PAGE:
Financy Women’s Index

The Women’s Index measures the financial progress of Australian women and economic equality.

Financial inequality is a major obstacle to the progress of women, families and future generations.

To help tackle this, each quarter the Financy Women’s Index (FWX) measures and tracks financial progress and economic equality across seven areas that are important to the advancement of Australian women.

The data and the commentary contained in each quarterly report is designed to give individuals, media, business leaders and government timely insights into the challenges and opportunities that relate to women’s financial wellbeing in Australia.

The Index is supported by Deloitte Access Economics, which provides economic modelling and analysis to assist with the development of the Index and Reports.

Data contained in the Report is reviewed by the Women’s Index Advisory Board; Dr Shane Oliver, Nicki Hutley, Roger Wilkins, Joanne Masters and Bruce Hockman. The Index is also reviewed by the Australian Bureau of Statistics.

The Index is very much made possible with the sponsorship support of Deloitte, OneVue and AMP.

Creative works are produced by We Are Why Pty Ltd.

Ultimately, the purpose of the Index is to help inspire women to live more courageously and confidently – to be Fearless.

Are things getting financially better for women?

Women are making financial progress despite the early setback in female job cuts relative to male in the June quarter.

The Financy Women’s Index rose by 2.2% to 74.1 points from a revised 73.3 points in June, which is about half the pace of progress recorded in the June quarter.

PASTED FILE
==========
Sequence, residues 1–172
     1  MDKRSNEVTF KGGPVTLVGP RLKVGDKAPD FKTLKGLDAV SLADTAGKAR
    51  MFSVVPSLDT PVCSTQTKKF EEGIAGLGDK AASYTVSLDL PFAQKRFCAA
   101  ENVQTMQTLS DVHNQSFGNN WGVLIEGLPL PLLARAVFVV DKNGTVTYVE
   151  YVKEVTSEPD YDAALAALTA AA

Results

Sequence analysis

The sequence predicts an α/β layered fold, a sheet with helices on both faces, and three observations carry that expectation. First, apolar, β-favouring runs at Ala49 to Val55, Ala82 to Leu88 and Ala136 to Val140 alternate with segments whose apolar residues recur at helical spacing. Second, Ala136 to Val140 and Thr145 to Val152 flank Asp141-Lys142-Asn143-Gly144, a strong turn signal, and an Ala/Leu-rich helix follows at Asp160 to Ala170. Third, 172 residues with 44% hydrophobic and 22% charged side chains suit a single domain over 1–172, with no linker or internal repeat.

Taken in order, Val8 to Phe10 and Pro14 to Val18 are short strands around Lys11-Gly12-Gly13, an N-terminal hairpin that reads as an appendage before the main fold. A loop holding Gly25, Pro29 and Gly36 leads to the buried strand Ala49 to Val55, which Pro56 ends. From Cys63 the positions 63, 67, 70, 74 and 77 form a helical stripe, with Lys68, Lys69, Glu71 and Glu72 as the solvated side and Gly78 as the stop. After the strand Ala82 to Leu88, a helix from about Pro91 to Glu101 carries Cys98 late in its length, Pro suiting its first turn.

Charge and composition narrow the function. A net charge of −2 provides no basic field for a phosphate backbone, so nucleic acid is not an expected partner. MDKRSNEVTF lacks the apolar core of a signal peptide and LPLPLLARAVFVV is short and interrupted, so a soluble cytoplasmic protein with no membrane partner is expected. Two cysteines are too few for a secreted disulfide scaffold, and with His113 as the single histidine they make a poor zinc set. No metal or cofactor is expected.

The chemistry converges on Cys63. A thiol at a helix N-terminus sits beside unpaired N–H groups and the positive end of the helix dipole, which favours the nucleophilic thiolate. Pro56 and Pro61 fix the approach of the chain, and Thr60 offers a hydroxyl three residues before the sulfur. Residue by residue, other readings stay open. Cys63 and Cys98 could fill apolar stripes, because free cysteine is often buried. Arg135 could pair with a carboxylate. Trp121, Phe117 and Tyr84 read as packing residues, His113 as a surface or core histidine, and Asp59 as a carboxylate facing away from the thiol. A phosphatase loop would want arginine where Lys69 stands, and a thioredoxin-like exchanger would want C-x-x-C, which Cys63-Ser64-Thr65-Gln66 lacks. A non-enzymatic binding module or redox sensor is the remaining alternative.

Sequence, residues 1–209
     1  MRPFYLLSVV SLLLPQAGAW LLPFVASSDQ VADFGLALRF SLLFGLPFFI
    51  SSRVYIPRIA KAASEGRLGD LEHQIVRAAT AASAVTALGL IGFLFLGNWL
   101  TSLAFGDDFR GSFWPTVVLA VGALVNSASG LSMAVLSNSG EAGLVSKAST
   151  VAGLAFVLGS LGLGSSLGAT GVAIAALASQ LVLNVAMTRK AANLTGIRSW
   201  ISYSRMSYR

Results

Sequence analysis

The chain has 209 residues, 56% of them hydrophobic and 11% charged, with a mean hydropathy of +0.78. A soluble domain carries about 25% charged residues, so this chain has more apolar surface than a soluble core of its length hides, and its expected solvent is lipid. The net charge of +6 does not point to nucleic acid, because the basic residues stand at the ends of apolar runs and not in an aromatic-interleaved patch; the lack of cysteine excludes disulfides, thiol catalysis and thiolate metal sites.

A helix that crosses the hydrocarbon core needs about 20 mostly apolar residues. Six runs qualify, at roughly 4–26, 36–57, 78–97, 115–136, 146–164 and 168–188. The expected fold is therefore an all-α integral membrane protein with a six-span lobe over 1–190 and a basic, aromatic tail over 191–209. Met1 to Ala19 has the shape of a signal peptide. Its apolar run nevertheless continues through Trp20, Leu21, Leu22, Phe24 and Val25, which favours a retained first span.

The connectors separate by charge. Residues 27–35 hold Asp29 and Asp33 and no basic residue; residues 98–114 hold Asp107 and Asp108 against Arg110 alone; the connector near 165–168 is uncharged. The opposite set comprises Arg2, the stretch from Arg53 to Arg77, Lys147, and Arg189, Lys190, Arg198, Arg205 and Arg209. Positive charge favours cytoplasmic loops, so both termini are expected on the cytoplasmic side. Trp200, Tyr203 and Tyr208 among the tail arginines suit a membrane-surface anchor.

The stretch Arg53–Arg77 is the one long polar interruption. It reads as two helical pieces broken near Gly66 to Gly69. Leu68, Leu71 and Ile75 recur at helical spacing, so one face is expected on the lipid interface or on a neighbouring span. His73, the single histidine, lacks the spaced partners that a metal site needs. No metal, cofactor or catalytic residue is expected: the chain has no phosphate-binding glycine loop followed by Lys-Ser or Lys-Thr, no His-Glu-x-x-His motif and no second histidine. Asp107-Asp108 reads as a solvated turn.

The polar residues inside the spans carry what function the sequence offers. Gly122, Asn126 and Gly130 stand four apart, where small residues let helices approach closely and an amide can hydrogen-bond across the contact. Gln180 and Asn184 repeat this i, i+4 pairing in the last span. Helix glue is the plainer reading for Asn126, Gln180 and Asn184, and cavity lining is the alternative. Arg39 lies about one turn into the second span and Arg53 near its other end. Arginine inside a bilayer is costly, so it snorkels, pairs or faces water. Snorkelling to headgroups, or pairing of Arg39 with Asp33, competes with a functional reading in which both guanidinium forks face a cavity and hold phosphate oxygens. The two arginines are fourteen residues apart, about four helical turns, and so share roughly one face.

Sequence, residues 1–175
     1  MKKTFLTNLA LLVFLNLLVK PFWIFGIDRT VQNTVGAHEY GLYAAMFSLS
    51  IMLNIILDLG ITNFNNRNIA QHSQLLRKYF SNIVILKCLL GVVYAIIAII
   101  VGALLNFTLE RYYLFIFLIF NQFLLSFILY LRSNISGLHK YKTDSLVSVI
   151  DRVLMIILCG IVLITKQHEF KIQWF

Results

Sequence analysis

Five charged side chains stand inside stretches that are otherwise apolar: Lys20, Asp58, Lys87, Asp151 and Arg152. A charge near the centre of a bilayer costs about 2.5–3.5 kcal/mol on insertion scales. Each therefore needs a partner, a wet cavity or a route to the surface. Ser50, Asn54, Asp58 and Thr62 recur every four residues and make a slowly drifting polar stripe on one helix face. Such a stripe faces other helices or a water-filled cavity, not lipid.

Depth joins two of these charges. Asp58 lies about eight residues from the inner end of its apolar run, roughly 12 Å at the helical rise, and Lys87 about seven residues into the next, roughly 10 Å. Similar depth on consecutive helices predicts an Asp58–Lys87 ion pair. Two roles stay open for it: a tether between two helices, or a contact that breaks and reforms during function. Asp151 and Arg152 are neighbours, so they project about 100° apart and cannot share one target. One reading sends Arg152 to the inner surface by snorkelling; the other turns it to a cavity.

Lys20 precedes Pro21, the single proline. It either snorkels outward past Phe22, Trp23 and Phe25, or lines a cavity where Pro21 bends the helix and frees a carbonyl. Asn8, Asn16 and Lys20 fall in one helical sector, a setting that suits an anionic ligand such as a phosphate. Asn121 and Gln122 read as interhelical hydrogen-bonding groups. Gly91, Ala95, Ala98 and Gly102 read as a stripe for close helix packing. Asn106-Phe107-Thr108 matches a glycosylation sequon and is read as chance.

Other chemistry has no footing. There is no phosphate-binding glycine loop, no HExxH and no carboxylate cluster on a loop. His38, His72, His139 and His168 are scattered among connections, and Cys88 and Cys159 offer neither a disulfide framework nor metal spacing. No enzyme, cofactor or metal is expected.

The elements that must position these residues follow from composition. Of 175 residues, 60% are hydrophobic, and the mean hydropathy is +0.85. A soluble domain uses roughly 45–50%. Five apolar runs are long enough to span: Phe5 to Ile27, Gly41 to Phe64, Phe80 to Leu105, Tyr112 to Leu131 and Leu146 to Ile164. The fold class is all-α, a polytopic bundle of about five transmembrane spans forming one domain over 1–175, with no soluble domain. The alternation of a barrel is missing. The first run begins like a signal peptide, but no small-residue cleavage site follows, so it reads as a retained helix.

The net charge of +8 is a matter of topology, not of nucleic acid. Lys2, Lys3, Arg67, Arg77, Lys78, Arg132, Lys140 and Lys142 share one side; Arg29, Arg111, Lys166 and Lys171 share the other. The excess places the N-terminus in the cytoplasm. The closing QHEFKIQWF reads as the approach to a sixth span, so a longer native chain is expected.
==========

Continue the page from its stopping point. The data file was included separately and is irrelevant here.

Improved female jobs growth, which was hardest hit compared to male by the onset of the pandemic and government shutdowns in March of this year, coupled with a fresh high in female ASX 200 board appointments helped to push women’s progress higher in the September quarter. A further narrowing of the gender gap in the underemployment rate also helped boost progress.

Whilst this result gives us more reason to feel optimistic as we approach the end of 2020, the situation remains highly volatile and time will tell as to whether COVID-19 has short or long-term impacts on women’s progress and economic equality.

What is the Index signalling for economic equality?

Despite the progress in the September quarter, the timeframe to Australia achieving economic equality is unchanged at a revised 32 years because of the gender gap in unpaid work.

The timeframe to economic equality is based on the worst performing gender indicator of the Women’s Index.

Key Results

  • Economic Equality: Unchanged at a revised 32 years in September quarter3.
  • The gender gap in employment: Improved to 29% v 31% in June quarter 2020.
  • The gender gap in underemployment rate: Improved to 14% v 15% in June quarter 2020.
  • The gender pay gap: Unchanged 14% v 13.9% in March quarter.
  • The gender gap in superannuation: Unchanged at 31%. Last change 35% in September 2018.
  • The (reverse) gender gap in education enrolments: Narrows to 12%. Last change 13% in September 2018 with more female enrolments.
  • The gender gap in unpaid work: Unchanged at 34%. Last change 38% in September 2017.

Financy Women’s Index by Quarter

Financy Woman’s Index by Year

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Timeframe to economic equality